Endowments need to be more fee conscience
It’s been a hard year to fundraise. Traditional methods like galas or in-person donor appreciation events are limited. Virtual events aren’t the same. Yet, the mission of not-profits is more important now than ever. What can board members do about this? A simple solution is control what you can control, and that’s your endowment investment advisor fees.
When I review an endowment, I usually find the performance of the endowment looks good at first glance, but that is before fees. When fees are factored into the mix – fees from the advisor and fees for the underlying mutual fund – sadly the performance mirrors the index. If a $1MM endowment pays 1% or $10,000 annually to mirror the benchmark, what’s the point of paying the fee? Why not own the index and keep the $10,000 in the endowment? The figure below illustrates this point. Assume a $1MM endowment grows at 5% over 5 years. Also, assume three fee schedules: 1%, .5%, and .3%. The difference over 5 years is a savings of $41,499 in the lower Fee 3 proposal. That is a substantial savings. The $41k in savings can translate into additional donations, additional services for those you serve, or additional money for a special project, all of which are better uses of endowment money.
Lower fees also translate into less risk to get the same result. This is important. For example, the advisor using the Fee 1 portfolio must earn 5.7% versus the advisor who using the Fee 3 portfolio only needs to earn 5%. A lower fee puts less pressure on the endowment to earn a target rate of return.
Some may say a higher advisor fee is justified because active management can be tactical and lose less in a bad market. Evidence of that claim is usually mixed. Some years the endowment may lose less, other years more. On average over time I’d say an active manager usually performs about the same or worse as a buy and hold strategy. And that makes me wonder, if the research shows market timing doesn’t work for individual investors why should it work for endowments? And why should endowments be market timing? If the time horizon of the endowment is long like the mission of the organization, there is greater risk that trying to time the market will keep the endowment on the sidelines, in low-yielding cash as the stock market recovers, hurting future growth.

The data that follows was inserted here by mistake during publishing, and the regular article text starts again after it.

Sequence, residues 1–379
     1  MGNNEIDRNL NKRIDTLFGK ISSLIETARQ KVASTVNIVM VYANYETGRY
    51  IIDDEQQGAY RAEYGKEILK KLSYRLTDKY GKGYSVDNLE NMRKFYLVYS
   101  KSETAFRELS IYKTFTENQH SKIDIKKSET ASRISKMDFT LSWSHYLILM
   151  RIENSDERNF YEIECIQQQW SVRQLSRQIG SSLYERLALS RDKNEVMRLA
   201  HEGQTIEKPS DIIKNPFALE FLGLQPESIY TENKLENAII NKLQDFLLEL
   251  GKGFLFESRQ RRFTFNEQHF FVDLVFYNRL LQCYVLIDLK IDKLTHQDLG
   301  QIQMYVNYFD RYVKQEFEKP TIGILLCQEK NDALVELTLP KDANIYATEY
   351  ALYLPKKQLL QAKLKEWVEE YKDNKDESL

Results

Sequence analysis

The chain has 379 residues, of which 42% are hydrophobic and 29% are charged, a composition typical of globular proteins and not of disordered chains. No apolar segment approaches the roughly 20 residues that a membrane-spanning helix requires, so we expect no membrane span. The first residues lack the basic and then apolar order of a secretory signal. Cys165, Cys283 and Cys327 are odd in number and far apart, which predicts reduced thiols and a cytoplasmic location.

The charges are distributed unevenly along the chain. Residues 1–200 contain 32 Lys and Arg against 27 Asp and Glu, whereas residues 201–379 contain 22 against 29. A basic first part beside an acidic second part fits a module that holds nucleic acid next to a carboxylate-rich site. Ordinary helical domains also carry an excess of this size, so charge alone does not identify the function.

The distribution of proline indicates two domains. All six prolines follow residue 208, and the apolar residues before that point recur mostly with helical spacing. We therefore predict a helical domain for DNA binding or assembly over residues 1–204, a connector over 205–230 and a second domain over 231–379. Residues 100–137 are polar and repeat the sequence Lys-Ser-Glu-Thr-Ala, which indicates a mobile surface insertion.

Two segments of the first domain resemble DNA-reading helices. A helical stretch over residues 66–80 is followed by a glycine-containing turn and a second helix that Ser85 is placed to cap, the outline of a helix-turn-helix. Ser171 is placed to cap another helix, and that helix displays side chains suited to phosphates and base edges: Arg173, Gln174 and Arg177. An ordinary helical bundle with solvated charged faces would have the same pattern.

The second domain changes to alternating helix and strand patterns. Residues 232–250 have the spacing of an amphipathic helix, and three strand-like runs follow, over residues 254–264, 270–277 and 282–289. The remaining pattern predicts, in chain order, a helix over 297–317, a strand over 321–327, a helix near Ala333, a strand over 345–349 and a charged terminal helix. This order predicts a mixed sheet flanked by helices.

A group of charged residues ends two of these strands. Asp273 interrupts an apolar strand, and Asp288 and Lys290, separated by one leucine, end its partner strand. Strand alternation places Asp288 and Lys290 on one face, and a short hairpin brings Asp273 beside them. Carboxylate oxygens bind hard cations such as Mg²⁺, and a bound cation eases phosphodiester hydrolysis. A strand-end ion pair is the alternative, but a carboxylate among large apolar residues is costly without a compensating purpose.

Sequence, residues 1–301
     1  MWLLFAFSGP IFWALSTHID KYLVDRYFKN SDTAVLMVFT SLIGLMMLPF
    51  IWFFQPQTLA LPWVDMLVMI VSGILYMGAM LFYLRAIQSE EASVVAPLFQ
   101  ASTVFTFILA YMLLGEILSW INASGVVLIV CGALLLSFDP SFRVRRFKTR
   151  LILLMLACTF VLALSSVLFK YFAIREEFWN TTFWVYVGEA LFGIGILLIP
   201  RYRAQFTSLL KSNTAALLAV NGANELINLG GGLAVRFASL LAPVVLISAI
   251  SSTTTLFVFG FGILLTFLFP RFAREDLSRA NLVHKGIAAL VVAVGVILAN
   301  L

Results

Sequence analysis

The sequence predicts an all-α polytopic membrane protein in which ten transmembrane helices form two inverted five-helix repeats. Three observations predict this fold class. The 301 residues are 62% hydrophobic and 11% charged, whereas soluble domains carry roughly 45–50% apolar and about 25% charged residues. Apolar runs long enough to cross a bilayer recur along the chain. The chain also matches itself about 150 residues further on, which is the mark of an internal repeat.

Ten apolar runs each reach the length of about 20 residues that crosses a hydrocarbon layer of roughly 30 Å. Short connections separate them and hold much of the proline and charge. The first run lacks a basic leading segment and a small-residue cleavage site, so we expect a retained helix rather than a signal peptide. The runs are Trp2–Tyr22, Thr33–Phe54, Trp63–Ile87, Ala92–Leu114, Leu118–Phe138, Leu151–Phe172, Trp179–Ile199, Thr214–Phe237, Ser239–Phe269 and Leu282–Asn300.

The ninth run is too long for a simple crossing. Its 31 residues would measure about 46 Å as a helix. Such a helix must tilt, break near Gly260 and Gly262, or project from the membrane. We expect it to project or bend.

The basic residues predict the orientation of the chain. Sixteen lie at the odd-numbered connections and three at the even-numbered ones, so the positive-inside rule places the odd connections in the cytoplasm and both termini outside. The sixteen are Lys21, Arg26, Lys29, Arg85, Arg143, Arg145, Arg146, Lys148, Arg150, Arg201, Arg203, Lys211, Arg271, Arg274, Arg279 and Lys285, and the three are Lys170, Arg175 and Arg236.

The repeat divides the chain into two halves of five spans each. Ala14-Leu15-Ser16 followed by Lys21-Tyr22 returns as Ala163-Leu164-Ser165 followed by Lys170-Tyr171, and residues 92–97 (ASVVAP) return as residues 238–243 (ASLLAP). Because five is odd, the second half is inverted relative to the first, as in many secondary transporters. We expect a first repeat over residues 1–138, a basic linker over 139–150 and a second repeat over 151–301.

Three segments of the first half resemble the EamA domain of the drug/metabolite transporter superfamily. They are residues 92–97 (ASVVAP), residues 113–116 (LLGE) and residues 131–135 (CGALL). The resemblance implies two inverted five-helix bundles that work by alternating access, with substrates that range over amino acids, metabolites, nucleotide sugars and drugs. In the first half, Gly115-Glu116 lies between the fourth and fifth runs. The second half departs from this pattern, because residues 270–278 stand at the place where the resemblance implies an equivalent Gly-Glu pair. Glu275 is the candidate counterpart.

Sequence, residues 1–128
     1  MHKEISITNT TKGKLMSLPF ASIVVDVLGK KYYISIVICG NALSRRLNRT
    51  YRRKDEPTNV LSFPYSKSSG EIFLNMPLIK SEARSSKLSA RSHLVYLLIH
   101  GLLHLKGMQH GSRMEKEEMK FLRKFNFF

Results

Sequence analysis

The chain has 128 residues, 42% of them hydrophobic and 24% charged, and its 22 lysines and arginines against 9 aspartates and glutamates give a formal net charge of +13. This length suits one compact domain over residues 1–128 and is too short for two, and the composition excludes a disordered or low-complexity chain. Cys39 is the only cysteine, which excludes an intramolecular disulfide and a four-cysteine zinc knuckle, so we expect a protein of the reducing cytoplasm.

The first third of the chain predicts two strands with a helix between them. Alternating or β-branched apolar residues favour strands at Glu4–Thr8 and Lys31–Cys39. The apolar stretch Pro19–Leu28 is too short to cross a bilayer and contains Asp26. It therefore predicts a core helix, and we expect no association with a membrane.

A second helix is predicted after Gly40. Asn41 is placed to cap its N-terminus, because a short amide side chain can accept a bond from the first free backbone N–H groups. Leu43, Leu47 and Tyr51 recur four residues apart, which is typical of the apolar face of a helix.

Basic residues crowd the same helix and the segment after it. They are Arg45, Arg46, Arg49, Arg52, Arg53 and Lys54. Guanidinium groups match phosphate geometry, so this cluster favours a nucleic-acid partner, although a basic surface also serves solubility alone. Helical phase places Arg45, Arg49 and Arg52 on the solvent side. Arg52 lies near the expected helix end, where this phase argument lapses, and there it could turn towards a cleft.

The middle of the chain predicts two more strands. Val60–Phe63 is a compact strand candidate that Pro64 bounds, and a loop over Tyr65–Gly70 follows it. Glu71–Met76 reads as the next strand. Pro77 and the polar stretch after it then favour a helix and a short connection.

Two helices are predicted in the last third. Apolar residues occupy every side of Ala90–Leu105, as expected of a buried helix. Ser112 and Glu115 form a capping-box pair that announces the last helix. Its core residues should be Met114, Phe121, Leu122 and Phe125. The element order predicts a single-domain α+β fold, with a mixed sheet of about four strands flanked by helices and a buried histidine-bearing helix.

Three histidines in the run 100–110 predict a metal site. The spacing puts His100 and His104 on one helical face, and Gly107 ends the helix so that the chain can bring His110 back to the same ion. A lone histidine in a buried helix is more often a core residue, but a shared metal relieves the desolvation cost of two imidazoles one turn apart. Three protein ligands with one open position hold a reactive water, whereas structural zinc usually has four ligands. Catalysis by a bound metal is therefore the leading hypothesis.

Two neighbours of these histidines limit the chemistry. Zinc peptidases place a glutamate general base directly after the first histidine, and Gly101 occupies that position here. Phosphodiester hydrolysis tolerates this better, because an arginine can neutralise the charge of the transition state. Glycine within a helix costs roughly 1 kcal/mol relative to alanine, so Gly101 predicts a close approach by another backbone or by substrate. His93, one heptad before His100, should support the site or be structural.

Some board members may point to the years the active manager produced outsized performance as justification for the fee. In other words, they’ll say the performance has been very good, or we are really happy with the growth. To which I respond, “How are you measuring that? Are you comparing the returns to the right benchmark? Are you measuring the returns on risk-adjusted basis?” It’s important to ensure the manager’s performance is compared to the appropriate benchmark so you are comparing apples to apples.
It’s also important to understand whether or not you are being rewarded for the risk you take. If Manager A grows the endowment by 100% compared to Manager B who only grows it by 20%, Manager A looks great! Until you find out later Manager A took 20x the amount of risk to get that return. Analyze the returns on the risk-adjusted basis, your manager should provide you this information. You may be surprised to find you are not being rewarded for the risk you take.
Board members should have a process to review fees and performance. Having a review process and using an experienced professional can help fulfill your fiduciary duty. Board members should not manage the endowment themselves, that is a conflict of interest. But they should not overpay either. For this reason, board members need to be proactive in managing endowment costs. A good first step is by putting out a “Request for Information” to other endowment managers and asking what their fee would be for a xyz size endowment. That information will help you determine whether your current fee is in the ballpark or if there is room for renegotiation. In these difficult times, every little bit helps.
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